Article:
Won Tony for 'knockout' turn in Nine

Born in France, actress, singer and dancer Liliane Montevecchi died at her home in Manhattan last Friday.
Born in France, actress, singer and dancer Liliane Montevecchi died at her home in Manhattan last Friday.PHOTO: NYTIMES

NEW YORK • Liliane Montevecchi was 50 when she was cast in Nine, a 1982 Broadway musical drama about a film director's mid-life crisis, based on the Federico Fellini film 81/2 (1963).

The role of the movie producer had been written for a man, but the character was reworked so Montevecchi, who did not fit anywhere else in the show, could be cast.

In Folies Bergere, her big number, she revelled in the joys of the good old days of show business, stopped to chat flirtatiously with audience members and ended up gloriously wrapped in a black feather boa.

The review in The New York Times described her as "a knockout".

Last Friday, Montevecchi, who received a Tony for best featured actress in a musical for that role, died at her home in Manhattan. The cause was colon cancer. Born in France, the actress, singer and dancer was 85.

Nine was neither Montevecchi's first Broadway show, although the earlier ones had been revues (La Plume De Ma Tante in 1958, Folies Bergere in 1964), nor her last.

She earned another Tony nomination, for a 1989 musical adaptation of Grand Hotel, in which she was the high-strung ballerina, nostalgic for her glory days, played by Greta Garbo in the 1932 film.

Later, when she worked in cabaret, Stephen Holden of The Times called her "an imperial presence".

Montevecchi, who was born on Oct 13, 1932 in Paris, began taking ballet lessons when she was nine and appeared on stage soon after.

At 18, she was in Roland Petit's company Les Ballets de Paris, where she became a prima ballerina.

After she made her film debut with a small role in Femmes De Paris (1953), Hollywood called.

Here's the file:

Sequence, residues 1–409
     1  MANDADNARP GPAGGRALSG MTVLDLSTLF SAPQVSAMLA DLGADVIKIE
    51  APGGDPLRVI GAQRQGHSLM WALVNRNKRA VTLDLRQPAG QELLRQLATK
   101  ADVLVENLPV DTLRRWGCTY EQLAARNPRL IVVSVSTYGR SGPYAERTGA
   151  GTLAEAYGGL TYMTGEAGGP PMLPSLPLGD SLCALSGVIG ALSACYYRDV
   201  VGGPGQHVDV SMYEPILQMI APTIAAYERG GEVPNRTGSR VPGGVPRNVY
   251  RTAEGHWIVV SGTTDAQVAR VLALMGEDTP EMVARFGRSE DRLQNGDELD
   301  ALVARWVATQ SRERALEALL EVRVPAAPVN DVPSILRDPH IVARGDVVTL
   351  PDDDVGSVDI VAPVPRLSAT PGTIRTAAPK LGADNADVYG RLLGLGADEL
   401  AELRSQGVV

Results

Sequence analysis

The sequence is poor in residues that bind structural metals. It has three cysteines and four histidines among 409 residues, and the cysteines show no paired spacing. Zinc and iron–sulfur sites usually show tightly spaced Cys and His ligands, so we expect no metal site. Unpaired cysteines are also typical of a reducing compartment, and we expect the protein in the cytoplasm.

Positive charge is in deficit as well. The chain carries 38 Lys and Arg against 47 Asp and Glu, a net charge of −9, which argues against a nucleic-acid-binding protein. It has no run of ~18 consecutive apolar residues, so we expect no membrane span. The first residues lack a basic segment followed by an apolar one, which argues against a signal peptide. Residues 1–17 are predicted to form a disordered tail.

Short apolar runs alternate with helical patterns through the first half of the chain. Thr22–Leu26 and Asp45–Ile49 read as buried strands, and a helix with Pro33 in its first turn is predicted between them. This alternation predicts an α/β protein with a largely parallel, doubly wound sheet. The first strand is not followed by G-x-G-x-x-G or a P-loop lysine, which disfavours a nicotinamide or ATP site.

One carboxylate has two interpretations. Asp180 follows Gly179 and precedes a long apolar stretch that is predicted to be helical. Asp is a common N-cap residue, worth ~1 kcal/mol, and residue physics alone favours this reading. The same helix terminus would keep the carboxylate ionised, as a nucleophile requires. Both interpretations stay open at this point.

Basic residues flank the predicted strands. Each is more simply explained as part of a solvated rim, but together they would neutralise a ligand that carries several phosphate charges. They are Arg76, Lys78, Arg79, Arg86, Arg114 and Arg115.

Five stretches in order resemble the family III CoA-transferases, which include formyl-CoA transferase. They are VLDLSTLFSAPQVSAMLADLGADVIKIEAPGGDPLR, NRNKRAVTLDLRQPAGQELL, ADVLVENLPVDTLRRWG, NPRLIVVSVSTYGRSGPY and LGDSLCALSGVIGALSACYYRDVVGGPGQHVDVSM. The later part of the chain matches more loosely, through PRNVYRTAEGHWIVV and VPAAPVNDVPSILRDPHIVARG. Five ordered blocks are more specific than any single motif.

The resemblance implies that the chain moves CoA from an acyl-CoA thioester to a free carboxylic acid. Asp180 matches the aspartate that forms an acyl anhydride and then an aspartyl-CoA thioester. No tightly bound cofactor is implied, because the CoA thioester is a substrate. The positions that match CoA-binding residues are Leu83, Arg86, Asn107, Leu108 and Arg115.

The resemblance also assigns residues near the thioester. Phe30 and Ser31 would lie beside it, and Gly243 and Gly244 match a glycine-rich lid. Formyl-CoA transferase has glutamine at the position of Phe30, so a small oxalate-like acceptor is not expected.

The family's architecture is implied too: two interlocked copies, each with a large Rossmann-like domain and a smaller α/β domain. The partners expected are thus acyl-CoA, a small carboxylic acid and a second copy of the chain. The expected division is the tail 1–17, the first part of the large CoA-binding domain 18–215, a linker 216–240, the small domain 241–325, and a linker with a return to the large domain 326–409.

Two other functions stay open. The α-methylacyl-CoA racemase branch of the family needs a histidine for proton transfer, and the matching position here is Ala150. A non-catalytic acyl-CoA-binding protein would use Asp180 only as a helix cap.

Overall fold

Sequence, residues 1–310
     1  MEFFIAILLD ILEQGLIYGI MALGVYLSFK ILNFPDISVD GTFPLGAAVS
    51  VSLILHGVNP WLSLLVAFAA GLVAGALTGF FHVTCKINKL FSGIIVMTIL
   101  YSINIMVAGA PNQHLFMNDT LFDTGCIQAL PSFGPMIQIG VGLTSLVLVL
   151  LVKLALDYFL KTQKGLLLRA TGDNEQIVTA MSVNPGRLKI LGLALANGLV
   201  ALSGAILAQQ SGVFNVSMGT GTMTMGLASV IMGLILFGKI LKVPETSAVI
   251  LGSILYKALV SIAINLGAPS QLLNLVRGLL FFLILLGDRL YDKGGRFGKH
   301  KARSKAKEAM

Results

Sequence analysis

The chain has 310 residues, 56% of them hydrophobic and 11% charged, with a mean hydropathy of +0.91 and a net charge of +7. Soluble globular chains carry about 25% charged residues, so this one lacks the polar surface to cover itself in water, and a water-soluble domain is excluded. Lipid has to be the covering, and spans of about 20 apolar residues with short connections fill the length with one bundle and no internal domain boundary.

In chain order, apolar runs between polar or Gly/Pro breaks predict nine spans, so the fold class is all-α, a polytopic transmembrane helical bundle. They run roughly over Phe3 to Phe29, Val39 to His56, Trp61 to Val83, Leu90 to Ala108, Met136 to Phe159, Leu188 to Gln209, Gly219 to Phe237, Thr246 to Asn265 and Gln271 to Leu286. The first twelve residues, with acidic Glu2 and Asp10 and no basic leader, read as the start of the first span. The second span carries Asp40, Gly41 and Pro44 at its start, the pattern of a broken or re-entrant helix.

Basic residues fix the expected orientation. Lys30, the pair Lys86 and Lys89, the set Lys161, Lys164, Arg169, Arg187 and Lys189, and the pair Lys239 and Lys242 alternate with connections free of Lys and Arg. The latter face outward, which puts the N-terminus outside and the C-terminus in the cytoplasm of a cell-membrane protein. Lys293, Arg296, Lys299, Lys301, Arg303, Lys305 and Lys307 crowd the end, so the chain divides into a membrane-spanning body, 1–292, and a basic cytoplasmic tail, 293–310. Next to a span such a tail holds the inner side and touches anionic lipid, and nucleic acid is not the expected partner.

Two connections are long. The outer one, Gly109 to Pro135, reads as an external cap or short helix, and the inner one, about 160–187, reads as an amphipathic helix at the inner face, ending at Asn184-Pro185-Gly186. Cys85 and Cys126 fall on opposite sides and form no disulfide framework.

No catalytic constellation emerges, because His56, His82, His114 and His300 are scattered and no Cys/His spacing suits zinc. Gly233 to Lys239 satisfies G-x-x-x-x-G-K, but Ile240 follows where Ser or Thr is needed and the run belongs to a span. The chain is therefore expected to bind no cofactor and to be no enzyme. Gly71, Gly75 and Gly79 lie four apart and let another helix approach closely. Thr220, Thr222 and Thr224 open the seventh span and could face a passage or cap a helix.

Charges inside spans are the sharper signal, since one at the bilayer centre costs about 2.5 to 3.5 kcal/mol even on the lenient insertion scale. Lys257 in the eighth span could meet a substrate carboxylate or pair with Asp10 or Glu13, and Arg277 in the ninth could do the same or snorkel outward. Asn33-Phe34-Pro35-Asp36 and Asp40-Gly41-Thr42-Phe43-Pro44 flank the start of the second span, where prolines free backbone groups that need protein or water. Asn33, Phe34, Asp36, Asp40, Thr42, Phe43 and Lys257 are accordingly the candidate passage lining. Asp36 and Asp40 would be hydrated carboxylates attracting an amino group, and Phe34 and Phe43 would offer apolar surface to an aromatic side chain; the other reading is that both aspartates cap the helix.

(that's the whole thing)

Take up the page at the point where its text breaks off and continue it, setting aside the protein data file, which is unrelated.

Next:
MGM signed her to a seven-year contract, but American movies largely wasted her.

Over the next three years, she appeared in an odd assortment of small roles in seven films, including the war drama The Young Lions (1958) with Marlon Brando, in which she played a French escort with strong views about Nazis; the Jerry Lewis comedy The Sad Sack (1957), as a saucy, skimpily clad club performer in Morocco; and the Elvis Presley musical drama King Creole (1958), as a club performer in New Orleans.

After a few television roles in series like 77 Sunset Strip and Playhouse 90, she returned to dancing, her first love, joining the Folies Bergere in Las Vegas in 1964. She worked with that troupe and the Paris company for nine years.

In 1982, basking in her new Broadway acclaim, she began her cabaret career.

Montevecchi, who was said never to have married, is survived by her long-time companion, Claudio Borin, who lives in Italy.

"I'm set in my ways and I've lived all my life alone," she said in a 1982 interview. "I don't trust people a lot."

But she did not want others to lose faith with her professionalism.

In 2016, Montevecchi told the Woman Around Town website: "After all these years, it's not okay to just do a show. Because you know more, you want to give more."


A version of this article appeared in the print edition of The Straits Times on July 03, 2018, with the headline 'Won Tony for 'knockout' turn in Nine'. Subscribe